As for mashing, You need to use between 1 and 2 qt water per lb grain. If you use much less water than that, you will not wet the grain sufficiently and could have difficulty converting. If you use much more water, you will dilute the mash to such an extent that the pH could rise above acceptable levels, again giving poor conversion. Within those limits, the buffering capacity of the grain should keep the pH in bounds.
After the mash is complete, you need to sparge (rinse) to get what you want out of the grains, and to discard the spent grains. You can then add as much top off water as you need.

-a.

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Old 01-18-2010, 10:00 PM   #6
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I haven't used any of the AHS kits, but usually the homebrew shops have one set of instructions they try to apply to all of their kits. This means you basically shouldn't follow the instructions verbatim unless you are a complete beginner with no other resources for info.

ajf just covered the water to grist ratio for mashing, so I'll clear something up about that wiki. If you're not using a variable temperature mash schedule (i.e. step mash, decoction) then its single infusion. Regardless of what vessel you're mashing in, or how you achieve your temperature. What you describe as your process is a single infusion mash and batch sparge.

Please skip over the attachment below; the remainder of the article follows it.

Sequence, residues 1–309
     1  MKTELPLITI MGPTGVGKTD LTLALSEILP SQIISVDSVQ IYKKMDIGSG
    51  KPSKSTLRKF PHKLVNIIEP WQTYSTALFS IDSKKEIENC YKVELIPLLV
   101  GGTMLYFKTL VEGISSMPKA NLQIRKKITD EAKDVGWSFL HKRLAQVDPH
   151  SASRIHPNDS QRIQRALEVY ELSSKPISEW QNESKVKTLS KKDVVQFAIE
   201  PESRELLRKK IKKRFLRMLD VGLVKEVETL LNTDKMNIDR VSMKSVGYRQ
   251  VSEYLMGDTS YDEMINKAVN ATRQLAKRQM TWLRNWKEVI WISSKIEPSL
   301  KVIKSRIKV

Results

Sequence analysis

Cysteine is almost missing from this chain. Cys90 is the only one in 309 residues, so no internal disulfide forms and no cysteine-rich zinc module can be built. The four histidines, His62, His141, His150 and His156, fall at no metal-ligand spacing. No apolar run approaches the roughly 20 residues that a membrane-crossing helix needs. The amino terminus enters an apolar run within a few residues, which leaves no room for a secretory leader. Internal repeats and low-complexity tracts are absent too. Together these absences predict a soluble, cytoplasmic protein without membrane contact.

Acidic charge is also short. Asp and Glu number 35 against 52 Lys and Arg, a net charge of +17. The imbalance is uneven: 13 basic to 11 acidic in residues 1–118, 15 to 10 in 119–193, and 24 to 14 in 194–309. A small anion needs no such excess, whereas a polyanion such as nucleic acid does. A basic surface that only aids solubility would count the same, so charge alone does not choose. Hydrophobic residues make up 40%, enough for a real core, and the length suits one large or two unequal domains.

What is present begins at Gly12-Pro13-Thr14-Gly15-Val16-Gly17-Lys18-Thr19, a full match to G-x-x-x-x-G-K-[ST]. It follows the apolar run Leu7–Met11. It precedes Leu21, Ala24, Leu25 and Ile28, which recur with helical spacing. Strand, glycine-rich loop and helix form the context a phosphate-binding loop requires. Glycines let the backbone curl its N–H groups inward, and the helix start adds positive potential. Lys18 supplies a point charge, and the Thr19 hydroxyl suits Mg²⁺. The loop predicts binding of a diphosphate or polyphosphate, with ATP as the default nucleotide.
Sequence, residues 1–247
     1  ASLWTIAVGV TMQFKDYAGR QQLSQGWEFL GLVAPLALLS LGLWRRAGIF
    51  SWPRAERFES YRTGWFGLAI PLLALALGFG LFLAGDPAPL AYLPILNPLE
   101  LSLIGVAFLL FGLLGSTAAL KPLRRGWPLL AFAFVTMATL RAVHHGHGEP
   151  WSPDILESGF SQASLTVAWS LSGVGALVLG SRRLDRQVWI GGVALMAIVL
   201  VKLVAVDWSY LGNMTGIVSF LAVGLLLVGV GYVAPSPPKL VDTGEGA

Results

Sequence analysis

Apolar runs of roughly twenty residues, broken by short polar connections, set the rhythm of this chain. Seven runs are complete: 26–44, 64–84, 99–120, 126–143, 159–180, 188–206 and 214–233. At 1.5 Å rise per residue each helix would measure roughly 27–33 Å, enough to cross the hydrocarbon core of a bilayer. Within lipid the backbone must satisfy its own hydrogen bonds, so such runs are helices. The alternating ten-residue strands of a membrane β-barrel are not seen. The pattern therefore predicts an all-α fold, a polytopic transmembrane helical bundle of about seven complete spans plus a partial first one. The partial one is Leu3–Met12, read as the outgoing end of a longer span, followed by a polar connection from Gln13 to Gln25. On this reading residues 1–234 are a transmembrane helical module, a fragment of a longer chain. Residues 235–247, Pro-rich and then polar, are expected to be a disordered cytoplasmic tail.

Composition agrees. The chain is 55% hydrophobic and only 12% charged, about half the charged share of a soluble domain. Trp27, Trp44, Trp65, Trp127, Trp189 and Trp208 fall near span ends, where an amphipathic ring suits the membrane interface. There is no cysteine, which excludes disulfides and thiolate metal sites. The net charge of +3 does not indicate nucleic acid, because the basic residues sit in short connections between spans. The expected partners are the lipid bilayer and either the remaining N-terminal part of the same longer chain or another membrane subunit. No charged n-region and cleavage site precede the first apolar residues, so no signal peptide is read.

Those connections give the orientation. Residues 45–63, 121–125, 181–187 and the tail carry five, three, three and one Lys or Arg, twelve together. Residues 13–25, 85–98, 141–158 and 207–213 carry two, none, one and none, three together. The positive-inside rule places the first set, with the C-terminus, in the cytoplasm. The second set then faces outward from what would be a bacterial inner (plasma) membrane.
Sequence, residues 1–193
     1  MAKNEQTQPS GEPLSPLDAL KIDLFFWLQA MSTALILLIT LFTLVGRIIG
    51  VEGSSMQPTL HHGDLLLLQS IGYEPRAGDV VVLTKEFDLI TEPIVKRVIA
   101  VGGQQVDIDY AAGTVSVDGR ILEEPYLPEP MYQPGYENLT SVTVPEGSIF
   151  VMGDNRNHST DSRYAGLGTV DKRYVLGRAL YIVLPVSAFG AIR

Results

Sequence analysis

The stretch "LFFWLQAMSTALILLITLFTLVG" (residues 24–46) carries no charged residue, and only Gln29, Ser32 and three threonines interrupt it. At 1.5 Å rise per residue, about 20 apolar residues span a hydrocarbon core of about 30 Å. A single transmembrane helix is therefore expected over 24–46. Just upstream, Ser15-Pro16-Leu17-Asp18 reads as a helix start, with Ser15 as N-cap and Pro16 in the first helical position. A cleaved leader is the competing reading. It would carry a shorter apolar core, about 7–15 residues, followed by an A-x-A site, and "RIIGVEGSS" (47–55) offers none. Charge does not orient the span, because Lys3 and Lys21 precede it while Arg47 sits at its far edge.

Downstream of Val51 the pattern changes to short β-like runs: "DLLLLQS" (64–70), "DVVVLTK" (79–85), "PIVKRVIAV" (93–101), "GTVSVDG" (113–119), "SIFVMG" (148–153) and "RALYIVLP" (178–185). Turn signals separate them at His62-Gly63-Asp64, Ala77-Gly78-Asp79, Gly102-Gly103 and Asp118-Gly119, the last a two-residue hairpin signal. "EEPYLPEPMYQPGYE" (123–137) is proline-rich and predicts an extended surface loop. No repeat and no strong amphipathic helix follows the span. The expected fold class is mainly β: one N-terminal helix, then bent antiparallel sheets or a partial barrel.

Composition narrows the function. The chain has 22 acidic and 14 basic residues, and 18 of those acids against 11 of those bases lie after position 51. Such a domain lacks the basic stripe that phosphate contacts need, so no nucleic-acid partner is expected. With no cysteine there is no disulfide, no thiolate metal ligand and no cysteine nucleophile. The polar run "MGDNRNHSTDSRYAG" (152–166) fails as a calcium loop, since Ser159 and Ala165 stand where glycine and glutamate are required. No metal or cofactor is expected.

Your last question about topping off is an 'it depends' situation. Personally I'm more concerned with what gravity I'm at before boil. Knowing what your evaporation rate is (rough estimate is fine) will lead you to the proper pre-boil volume. Don't worry about having exactly X gallons of wort at the end of the boil, so long as the gravity is what you were shooting for. Topping up a beer blindly to hit a certain volume can ruin a beer.

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Old 01-18-2010, 10:02 PM   #7
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well this makes me wonder about the AHS instruction sheet. the brew i did only had 1.25 lb Base Grains and 1.5 lb Specialty Grains, yeh the sheet said start with 2.5 gallons of water.

that is way too much according to this standard 1-2 qt. per lb.

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Old 01-18-2010, 10:11 PM   #8
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I've done many AHS kits according to their instructions and had good success. Not gold medal beer, but good enough that it disappears in a hurry. Lately, I have mashed @ 1.33 gal/lb in a separate pot. But that is still in the secondary so the jury is still out.

I think the reason they instruct that way is because many may be brewing using a single large pot. The low grain bill in their mini-mash kits would call for only enough water to barely cover the bottom of the pot.

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Old 01-18-2010, 10:50 PM   #9
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Forgot to add that in a partial mash brew you're not exactly worried about efficiency of the mash portion. So while 2.5 gallons might make your mash thinner or thicker than you'd normally prefer, its not a huge deal because you're making the rest of the OG up in extract. Now is a good time to experiment with strike volumes in a partial mash setting when there's less on the line. If/when you decide to go all grain you'll have some good experience to fall back on.